that was mostly my point i know i would most likely die in force 12 though so would alot of boats, the bulkheads would crack and then the deck would ome into the hull and ur finished, so avoiding hurricanes, passage weather or whatever its called should at least be able to tell me hey theres for 10 winds there within the next week going today probably a bad idea...and i will have ssb to talk to herb for weather rotuing and a navtex is a week enough time to rest i cant really move the departure from halifax earlier than the last week of may because where my boat is the channel doesnt unfreexe till late april beggining of may so that gives me just enough time to get out to halifax also i saw that video, i thought it was pretty lucky actually with the exception of the ******* skipper of the steelhull his autopilot held up really well though, im taking 3... but all in all it seemed rough but it never seemed like his life was in imminent danger. im guessing the bermuda to azores portion would be bengn compared to the halifax to bermuda portion because its in a much lower lattitude? ive pretty much made sure the boat is 100 percent up to the task theoretically and then fitted about a billion ways to fix her on board... and obviously have quite a distance to test all her new systems... im aware 20 ft seas in a narrow 30 footer can be quite miserable so id like to avoid those conditions but my point was that i know is survivable unless there are unforseen weaknesses in the boat or crew, or one of those lovely shipping container decides to flirt with your hull.
 

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O.K. – I’ve got work to do. Final thoughts for the day (In my opinion, for what that’s worth).
Leave as early as you can so that you’ve got as much time as possible to deal with the unexpected.
“im guessing the bermuda to azores portion would be bengn compared to the halifax to bermuda” - Don’t underestimate Bermuda – Azores, Neptune punishes complacency.
As I said previously, World Cruising Routes is the long distance bible.
Reeds Nautical Almanac is the "go to" reference UK/Europe. (mini charts, harbors, tides, routes, waypoints, weather, local requirements, etc., etc.)
Be flexible.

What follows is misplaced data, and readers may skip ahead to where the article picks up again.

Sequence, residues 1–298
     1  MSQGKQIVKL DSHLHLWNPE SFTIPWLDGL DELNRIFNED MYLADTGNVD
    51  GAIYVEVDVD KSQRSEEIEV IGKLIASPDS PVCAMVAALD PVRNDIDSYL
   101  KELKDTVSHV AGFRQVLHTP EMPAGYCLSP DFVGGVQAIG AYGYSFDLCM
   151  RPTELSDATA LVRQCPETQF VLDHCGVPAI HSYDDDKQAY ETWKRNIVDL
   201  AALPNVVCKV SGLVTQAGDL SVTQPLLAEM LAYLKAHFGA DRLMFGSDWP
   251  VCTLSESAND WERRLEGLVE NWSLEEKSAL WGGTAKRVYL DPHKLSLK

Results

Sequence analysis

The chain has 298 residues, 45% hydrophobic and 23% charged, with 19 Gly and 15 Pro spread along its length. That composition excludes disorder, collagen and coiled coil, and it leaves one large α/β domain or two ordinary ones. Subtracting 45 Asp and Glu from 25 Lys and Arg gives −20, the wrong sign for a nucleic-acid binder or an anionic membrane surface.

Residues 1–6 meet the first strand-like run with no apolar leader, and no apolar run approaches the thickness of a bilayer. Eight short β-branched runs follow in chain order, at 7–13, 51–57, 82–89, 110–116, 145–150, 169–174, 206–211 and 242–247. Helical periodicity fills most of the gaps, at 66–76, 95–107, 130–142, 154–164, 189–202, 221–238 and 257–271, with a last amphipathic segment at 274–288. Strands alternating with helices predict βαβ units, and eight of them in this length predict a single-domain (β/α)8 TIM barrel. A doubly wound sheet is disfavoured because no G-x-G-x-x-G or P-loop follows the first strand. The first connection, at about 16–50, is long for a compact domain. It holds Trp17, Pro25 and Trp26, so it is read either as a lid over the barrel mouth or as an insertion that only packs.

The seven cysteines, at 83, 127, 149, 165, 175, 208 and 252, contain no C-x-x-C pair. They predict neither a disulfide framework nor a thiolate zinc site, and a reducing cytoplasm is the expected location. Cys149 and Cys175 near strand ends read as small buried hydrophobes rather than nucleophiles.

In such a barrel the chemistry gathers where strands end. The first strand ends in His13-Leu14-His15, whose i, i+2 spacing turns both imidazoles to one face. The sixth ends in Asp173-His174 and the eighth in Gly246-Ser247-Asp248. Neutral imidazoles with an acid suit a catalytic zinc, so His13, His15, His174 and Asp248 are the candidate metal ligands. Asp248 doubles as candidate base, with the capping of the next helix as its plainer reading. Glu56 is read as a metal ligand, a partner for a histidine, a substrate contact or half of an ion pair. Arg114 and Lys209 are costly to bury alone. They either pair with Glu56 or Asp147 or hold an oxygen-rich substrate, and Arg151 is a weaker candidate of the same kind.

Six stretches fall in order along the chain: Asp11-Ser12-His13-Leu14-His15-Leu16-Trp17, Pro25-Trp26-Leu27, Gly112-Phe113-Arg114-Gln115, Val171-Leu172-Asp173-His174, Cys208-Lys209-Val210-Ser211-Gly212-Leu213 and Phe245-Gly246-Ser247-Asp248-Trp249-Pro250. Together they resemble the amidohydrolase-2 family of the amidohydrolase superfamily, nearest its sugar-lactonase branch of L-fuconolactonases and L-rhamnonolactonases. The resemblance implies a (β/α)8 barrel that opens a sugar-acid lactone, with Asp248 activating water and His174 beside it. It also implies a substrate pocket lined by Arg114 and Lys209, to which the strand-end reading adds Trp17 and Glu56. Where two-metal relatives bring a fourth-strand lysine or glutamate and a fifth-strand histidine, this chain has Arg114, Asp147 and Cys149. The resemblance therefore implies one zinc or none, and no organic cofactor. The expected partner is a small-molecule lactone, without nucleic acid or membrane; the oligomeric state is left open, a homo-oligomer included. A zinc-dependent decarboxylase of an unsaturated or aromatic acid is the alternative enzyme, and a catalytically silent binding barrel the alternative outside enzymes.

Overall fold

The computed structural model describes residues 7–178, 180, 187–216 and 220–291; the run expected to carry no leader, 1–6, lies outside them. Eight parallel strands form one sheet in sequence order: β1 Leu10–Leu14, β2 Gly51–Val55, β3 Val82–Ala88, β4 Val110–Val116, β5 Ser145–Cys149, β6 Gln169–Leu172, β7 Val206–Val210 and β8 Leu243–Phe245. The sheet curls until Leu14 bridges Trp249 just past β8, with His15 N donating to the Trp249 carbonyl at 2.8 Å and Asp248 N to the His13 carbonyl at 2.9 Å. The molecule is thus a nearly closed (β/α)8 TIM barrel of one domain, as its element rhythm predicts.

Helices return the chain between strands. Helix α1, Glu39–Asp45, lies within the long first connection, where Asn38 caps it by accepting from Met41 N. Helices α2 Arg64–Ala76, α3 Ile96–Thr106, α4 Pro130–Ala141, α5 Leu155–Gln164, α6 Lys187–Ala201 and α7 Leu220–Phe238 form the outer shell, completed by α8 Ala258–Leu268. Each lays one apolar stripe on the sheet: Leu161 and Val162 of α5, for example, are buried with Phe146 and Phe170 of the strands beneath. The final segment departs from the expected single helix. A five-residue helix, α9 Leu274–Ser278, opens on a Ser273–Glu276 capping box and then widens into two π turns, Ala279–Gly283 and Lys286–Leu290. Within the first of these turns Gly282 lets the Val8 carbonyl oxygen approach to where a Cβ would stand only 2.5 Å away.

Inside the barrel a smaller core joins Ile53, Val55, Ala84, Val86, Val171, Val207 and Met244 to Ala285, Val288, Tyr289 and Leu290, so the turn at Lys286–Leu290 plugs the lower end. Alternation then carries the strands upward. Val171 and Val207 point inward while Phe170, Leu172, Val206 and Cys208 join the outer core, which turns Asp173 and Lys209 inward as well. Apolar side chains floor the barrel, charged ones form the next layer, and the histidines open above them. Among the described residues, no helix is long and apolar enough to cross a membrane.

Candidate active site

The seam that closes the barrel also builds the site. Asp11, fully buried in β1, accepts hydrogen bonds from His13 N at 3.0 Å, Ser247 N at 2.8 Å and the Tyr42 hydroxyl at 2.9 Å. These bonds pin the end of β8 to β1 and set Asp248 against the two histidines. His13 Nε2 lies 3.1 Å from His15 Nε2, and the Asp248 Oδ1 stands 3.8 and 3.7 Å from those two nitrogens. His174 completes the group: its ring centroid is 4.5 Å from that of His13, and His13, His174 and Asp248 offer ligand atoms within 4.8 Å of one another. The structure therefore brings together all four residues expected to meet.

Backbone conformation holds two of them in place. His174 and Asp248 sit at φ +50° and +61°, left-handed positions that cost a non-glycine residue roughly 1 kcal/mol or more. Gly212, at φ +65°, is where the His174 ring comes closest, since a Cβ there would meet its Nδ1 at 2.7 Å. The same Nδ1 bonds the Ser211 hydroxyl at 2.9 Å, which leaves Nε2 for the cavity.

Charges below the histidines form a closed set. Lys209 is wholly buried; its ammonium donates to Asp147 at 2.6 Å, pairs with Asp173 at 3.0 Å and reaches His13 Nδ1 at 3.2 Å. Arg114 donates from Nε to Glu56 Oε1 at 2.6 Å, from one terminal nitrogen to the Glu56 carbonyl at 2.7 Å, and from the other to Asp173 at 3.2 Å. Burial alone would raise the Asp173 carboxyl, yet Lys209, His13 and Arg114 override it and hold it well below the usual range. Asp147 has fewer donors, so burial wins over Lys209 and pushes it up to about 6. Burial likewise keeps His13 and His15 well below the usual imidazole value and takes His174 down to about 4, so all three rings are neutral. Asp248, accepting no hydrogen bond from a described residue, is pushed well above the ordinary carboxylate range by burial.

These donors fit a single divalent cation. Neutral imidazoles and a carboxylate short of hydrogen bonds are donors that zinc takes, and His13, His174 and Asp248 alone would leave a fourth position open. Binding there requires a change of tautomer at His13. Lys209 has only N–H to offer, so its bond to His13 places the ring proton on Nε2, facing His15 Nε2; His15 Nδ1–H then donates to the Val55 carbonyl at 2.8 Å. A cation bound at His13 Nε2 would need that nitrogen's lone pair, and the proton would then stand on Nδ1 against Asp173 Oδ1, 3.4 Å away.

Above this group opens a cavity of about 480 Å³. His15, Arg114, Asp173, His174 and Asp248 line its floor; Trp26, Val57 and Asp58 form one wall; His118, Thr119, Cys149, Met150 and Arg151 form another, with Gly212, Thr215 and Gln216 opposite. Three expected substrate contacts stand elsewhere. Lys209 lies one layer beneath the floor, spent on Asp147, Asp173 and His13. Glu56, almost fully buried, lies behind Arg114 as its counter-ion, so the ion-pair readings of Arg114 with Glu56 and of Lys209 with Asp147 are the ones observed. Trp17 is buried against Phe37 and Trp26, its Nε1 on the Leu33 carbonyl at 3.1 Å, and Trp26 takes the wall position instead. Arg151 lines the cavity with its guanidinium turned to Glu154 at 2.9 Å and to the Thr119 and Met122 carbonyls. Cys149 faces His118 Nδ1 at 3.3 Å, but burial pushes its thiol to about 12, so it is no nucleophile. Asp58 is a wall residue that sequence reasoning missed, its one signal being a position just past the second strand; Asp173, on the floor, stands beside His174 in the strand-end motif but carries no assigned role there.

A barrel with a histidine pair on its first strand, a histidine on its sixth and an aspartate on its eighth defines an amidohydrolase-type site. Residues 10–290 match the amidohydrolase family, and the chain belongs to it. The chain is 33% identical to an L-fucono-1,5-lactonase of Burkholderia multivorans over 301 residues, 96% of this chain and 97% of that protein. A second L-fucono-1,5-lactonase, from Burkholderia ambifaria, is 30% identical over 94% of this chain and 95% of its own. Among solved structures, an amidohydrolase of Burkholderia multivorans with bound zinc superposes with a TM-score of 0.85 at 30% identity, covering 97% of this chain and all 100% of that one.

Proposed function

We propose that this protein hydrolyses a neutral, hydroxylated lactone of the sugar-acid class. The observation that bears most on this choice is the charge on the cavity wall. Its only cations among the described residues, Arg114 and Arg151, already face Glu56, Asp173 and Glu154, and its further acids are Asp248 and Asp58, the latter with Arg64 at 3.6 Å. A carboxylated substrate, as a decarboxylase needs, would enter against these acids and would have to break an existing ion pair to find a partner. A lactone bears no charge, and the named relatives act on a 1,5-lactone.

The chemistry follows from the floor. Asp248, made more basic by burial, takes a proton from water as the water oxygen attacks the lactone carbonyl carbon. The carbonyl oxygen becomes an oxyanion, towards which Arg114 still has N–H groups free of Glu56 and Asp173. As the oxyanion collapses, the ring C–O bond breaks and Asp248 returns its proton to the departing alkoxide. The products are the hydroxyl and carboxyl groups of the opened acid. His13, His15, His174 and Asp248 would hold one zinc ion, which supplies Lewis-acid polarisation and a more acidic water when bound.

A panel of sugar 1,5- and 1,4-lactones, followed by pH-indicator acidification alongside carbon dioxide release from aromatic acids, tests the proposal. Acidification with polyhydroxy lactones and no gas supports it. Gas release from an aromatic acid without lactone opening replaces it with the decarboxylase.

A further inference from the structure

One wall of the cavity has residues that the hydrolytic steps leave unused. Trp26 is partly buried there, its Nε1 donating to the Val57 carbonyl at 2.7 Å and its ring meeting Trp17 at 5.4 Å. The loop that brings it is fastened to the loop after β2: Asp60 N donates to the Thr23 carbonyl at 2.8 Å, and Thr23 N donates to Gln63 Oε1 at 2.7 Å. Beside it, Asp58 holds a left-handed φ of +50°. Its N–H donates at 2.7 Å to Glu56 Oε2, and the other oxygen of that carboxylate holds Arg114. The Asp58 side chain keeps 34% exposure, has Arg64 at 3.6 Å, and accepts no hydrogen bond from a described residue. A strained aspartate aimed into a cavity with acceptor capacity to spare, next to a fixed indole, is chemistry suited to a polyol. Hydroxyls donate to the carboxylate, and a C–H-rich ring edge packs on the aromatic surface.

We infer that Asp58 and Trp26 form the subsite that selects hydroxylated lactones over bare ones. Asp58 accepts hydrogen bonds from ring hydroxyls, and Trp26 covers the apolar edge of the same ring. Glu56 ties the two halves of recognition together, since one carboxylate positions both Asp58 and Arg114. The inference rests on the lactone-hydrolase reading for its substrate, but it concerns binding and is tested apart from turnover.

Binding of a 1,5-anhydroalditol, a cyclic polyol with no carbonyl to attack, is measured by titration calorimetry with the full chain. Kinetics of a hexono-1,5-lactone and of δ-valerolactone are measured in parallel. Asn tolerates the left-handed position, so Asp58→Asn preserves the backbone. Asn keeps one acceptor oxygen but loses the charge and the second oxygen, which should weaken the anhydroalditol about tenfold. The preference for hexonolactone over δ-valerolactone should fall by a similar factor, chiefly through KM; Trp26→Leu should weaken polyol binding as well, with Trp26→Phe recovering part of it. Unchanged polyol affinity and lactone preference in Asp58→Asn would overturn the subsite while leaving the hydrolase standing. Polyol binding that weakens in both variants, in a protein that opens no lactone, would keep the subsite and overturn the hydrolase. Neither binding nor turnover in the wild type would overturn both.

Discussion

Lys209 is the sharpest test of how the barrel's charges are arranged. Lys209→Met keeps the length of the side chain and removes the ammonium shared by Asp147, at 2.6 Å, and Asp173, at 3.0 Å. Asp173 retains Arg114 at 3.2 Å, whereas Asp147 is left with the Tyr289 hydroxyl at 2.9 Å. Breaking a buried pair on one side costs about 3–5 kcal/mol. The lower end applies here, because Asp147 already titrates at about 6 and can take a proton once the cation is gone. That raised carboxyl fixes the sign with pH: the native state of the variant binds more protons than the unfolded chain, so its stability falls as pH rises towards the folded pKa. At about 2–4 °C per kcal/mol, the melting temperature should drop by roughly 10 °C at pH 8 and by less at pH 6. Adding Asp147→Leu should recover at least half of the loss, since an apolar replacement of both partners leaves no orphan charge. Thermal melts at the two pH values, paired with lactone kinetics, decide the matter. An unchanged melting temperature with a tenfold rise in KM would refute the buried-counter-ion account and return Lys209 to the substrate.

Have a great time.
 

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Discussion Starter #8
well thanks for the help, ill definitely be purchasing those two books from amazon/chapters, ill try to stay out of neptunes wrath, sorry neptune :p im definitely flexible the only thing thats hard and fast is i want to stay out of the way of hurricanes, and get there at some point but reeds sounds quite helpfull would it have information on scandanavia too? but thank u for the advice
 

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I just had a thought and did a quick check. You need an International Certificate of Competency to operate a leisure vessel in Norwegian waters (as well as some other places you might visit). There might be an exemption for a US or Canadian registered vessel but I don't think so. I know RYA and IYT can issue them - don't know about CYA. You might ask Jackdale, he's an CYA and IYT instructor. Sorry if this has been covered in another thread.
 

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Discussion Starter #10
is thart like the yachtmaster certificate? all i have is my intermediate coastal cruising after that i decided just to learn on my own, how do i hunt down jackdale to ask him, im not super good at figuring out how to use all of sailnets features..
 

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i will have ssb to talk to herb for weather rotuing and a navtex
You now have to register with Herb by e-mail before you set out. Herb is taking more holidays this year also, so watch his web site for information about his schedule.
 

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You can get an International Certificate of Competence by passing the ICC test or you can just request one if you have passed a test approved by as equivalent. A Yachtmaster would definitely qualify but I'm not sure what else would.

You can contact any member by going to their member page and clicking on "send message". You can find anyone's member page by clicking on their name where they have posted or by going to Community, selecting Members List and then look them up alphabetically.

You might wait to see if anyone else responds first.

You can read here
International Certificate of Competence - Wikipedia, the free encyclopedia

OK, I just looked and ASA can issue one if you have passed ASA104
International Sailing Proficiency Certification for Chartering from ASA

Can't find any reference on CYA.

Gotta Go - Really - Good Luck
 

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Based on your refit thread, you've done some fairly major work. I would never consider a passage to Bermuda without having made several shakedown cruises and their inevitable tweaks.